A Multifaceted Experience
Posted July 17, 2014
By MarcusHathcock_NRT, Staff Reviewer
One of the largest, most prominent churches in the Dallas area, Covenant Church has had a robust and talented roster of worship leaders for some time now. The four-campus, multicultural church has enjoyed several other releases from its worship team--fronted by senior worship pastors David and Nicole Binion--but with their latest live album, Kingdom, they're looking to take things up a notch.
They put themselves on good footing for power-packed praise by enlisting the production and vocal talents of top-level worship artist Israel Houghton, whose flavor eclectic musical mixtures can be felt throughout the record.
Houghton's voice is a powerful addition to the Covenant team (as it certainly would be anywhere), and the worship leaders' unisoned, choral-type vocals shine the most when his stratospheric tenor soars above them. "Risen"--the standout track of the record--features pounding synths that propel Houghton's voice. Nicole Binion blends well with Houghton, and the vibe of the song is very celebratory (think Hillsong Young & Free). The message of Jesus' resurrection is a good one for Easter.
Israel's vocals also loom large and in charge on the other songs in which he's featured: "Can't Stop Singing" and "I Am Loved Medley." On "Can't Stop Singing," Houghton delivers a fun and declarative line: "Let the redeemed of the Lord say so, 'cause I can't stop shouting!"
On the other numbers, Nicole Binion's pure, Darlene Zschech-like vocals are a definite highlight, particularly on her two solo songs, "Here Waiting" and "First Loved Me." Nicole's voice (good enough in my opinion to be a Disney princess) evokes a lot of passion, and her delivery adequately matches the powerful messages of both songs. On "First Loved Me," I particularly like the line: "Your grace covered my shame and saw my need."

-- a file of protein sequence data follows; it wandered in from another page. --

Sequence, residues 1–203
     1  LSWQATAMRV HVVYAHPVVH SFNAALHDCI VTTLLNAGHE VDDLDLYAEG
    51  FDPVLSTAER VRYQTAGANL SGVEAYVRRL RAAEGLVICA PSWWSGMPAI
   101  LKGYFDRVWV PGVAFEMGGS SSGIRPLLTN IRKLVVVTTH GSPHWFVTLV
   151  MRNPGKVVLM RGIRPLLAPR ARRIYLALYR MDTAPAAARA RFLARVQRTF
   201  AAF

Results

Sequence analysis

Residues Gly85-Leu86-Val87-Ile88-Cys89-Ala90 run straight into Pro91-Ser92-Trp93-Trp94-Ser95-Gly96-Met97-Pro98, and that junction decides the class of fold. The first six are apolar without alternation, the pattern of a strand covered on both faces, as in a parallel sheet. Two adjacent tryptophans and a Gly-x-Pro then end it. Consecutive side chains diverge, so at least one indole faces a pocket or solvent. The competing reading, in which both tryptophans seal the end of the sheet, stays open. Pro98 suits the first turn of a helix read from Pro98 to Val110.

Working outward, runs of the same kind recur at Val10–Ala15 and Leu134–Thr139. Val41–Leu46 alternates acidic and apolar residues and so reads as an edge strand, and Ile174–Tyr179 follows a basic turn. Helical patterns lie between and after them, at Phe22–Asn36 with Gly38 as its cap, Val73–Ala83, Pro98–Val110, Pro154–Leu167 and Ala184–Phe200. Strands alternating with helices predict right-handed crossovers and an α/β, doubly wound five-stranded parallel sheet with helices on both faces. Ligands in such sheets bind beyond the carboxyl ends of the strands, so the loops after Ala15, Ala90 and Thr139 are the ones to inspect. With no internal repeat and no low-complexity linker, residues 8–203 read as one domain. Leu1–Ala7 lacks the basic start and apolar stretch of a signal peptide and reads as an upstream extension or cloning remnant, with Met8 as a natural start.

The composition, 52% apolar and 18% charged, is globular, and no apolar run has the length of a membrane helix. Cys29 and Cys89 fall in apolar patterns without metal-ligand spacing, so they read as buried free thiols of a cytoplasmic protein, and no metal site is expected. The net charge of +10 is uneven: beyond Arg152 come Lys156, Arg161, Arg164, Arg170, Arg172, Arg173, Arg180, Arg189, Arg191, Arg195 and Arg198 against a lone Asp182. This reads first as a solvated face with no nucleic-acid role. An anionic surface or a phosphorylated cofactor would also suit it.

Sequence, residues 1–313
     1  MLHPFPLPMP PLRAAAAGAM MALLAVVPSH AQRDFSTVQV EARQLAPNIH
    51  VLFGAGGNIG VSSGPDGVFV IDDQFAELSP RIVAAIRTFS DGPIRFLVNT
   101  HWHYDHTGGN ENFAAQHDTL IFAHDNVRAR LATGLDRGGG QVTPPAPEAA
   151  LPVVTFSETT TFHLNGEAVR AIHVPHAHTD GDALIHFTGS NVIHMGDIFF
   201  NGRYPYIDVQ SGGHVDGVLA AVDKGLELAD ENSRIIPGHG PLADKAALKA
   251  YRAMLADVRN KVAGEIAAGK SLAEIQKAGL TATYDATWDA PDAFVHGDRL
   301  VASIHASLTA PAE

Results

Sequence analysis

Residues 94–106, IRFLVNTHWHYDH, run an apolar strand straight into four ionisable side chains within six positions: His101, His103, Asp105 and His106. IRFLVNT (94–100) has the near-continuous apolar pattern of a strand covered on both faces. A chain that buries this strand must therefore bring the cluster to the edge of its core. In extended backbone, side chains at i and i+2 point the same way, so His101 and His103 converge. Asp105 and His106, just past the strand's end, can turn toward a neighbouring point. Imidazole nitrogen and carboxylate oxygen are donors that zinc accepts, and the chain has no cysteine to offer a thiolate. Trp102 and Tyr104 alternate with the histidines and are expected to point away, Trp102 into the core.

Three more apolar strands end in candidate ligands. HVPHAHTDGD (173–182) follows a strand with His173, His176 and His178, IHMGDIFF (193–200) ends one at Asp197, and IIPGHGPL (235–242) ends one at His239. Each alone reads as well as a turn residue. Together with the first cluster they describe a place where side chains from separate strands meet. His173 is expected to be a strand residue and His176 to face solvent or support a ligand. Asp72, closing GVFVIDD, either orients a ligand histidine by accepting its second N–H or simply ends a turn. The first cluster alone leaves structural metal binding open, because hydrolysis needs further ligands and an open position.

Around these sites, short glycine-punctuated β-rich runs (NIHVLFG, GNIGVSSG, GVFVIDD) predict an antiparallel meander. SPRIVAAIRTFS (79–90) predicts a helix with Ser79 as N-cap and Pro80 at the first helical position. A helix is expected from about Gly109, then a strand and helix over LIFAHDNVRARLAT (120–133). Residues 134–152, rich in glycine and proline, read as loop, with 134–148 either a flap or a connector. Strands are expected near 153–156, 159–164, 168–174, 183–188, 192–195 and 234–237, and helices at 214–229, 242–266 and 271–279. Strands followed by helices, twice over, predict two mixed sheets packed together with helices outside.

Stylistically, Covenant shows its multicultural makeup with its musical diversity. From the energetic, driving distortion guitars of opener "New Every Morning" to the driving Southern rock-influenced "Good to Me" to the Rend Collective-like Celtic jam of "Your Kingdom Knows No End," the band shows it won't shy away from any style, really.
Other great moments include the great refrain repeated in "Let the Name of Jesus Reign"--"Jesus reign, reign in our hearts, reign in our souls, you and you alone / Jesus reign in this place, with power and grace, let Your kingdom come"--as well as the atmospheric free-form praise by Nicole Binion at about 5 ½ minutes in "More, Holy Spirit."
Covenant Worship strikes a good balance between the choir-style worship vocals of the past (think Hillsong in the Darlene Zschech era), timeless Gospel sounds, and at times edgy modern musical arrangements, complete with gritty guitars and pounding synths.
Kingdom does a good job of capturing a live church atmosphere. I mean, you really feel like you're part of something live as you listen through. From the admonishments and encouragements of the worship leaders, to the free praise, to the massive vocals from the veritable choir of singers, Kingdom is less like a traditional worship album, and more of an experience of one particular, powerful night.
Song to Download Now:
"Risen" (Get it on iTunes here.)
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